I really must hope that in the future the Patient navigator will spread across the country. The American Cancer Society had such a program. It began in 2001 in Nova Scotia. It has been used for women with breast cancer, but needs to be initiated for all medical disorders.
How do you know where to turn? Doctors do not have time to help you wend your way through the system. We need people to listen to us, explain the medical terminology, assist with making and keeping appointments, support us, give assistance with child care, transportation, lining up tests, determining a plan. Many of us in our middle age use a financial planner, surely we can provide a person to help us determine a treatment plan, and Holmes, et al., demands that we have treatment goals, a treatment plan, a wise and judicious use of chemotherapy and be on the lookout for polypharmacy.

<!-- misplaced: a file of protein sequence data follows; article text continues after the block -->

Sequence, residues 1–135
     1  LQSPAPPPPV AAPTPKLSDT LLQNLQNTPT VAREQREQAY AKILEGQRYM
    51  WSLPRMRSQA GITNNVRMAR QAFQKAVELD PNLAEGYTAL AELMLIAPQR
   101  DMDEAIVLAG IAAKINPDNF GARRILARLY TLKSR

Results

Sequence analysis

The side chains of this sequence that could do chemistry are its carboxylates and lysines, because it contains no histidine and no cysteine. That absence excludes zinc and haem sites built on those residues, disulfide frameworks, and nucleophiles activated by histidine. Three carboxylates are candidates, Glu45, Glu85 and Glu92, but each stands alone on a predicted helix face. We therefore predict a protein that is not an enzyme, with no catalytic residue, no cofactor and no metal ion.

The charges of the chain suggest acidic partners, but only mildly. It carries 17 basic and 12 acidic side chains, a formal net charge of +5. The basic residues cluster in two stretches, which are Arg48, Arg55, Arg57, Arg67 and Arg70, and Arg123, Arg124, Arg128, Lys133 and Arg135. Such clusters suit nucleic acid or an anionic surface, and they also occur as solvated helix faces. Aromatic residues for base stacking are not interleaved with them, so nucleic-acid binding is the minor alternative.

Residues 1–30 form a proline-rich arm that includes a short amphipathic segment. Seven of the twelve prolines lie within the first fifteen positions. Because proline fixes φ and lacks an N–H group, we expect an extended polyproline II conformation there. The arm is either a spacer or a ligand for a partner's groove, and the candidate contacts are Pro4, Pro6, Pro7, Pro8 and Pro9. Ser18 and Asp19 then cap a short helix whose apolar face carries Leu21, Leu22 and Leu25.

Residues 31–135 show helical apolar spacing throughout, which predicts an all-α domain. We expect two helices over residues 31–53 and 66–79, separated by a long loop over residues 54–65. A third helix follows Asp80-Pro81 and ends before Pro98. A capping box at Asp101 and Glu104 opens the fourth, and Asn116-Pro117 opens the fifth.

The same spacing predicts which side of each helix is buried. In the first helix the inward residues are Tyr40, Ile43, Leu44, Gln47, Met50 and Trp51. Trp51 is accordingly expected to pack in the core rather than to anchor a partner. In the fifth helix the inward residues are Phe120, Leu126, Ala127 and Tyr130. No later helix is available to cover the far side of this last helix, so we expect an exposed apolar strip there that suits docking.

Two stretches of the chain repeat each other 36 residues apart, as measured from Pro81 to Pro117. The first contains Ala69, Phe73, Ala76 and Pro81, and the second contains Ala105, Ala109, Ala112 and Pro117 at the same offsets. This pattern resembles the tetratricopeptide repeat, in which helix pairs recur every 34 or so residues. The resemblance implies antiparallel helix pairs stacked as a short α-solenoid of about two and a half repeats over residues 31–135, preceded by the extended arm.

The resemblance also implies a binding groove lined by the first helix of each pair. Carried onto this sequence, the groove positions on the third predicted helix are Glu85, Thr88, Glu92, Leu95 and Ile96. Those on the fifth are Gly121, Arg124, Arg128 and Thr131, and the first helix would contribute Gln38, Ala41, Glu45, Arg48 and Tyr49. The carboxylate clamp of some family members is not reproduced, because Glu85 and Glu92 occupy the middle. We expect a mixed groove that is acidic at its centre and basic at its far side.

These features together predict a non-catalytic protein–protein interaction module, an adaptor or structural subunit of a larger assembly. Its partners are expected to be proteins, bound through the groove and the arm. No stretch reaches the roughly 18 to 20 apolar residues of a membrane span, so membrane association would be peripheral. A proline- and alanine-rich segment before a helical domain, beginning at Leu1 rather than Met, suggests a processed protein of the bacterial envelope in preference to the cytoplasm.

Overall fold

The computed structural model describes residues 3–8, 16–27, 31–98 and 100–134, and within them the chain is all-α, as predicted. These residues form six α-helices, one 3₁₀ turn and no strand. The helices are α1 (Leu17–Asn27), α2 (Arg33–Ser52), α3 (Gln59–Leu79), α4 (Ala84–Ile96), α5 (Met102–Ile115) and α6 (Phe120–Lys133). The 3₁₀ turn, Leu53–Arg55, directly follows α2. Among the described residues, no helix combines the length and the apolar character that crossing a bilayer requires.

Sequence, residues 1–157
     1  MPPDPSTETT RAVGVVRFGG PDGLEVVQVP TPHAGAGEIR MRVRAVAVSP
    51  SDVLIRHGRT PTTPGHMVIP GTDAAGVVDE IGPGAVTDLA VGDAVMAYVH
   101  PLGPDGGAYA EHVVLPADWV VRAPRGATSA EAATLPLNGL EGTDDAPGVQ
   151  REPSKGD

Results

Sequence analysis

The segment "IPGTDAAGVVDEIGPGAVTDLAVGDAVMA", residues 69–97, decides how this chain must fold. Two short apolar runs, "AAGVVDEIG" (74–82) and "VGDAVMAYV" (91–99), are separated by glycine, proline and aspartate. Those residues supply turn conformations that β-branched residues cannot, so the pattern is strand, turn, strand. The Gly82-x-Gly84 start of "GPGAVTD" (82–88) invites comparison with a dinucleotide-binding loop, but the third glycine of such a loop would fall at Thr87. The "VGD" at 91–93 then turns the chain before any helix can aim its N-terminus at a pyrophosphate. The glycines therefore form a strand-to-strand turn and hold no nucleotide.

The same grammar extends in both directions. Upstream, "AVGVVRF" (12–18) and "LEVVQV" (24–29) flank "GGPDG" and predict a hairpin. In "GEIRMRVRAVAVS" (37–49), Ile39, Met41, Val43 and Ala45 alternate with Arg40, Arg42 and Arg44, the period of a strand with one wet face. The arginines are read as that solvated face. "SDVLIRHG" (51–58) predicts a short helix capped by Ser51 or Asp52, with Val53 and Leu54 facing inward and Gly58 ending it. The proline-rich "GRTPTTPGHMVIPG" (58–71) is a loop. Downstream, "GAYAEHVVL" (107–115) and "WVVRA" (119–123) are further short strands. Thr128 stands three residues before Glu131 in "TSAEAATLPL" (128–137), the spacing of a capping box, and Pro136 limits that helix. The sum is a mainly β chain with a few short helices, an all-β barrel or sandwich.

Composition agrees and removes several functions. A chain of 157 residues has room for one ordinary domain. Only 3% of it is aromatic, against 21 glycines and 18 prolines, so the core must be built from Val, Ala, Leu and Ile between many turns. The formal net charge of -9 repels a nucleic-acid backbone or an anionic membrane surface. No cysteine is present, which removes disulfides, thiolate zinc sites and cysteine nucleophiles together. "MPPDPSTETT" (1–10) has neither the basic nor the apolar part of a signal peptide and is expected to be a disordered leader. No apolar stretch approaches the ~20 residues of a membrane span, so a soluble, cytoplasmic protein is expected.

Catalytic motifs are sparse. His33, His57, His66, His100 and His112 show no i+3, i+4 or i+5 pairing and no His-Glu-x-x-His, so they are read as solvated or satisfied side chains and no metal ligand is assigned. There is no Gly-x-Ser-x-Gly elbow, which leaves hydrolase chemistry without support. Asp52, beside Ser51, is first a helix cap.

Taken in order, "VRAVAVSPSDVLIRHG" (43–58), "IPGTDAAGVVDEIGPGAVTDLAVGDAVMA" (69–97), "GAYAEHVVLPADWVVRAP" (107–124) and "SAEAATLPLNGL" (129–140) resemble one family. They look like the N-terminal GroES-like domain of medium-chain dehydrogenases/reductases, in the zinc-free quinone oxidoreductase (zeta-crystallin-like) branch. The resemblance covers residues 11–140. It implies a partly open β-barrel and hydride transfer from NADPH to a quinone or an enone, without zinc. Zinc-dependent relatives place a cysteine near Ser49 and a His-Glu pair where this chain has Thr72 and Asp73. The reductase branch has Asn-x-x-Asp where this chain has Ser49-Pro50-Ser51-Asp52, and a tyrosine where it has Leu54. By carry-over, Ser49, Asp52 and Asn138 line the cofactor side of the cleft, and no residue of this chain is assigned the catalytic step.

Our seniors deserve a Patient Navigator to help us through the process. Adult children are often unable to assist, as they are as emotionally involved in the process. They need a guide through the maze of the health care system. They can provide feedback to the hospital. This was what was missing for me and my family. We took doctors for their word, but they did not know was was going on at home.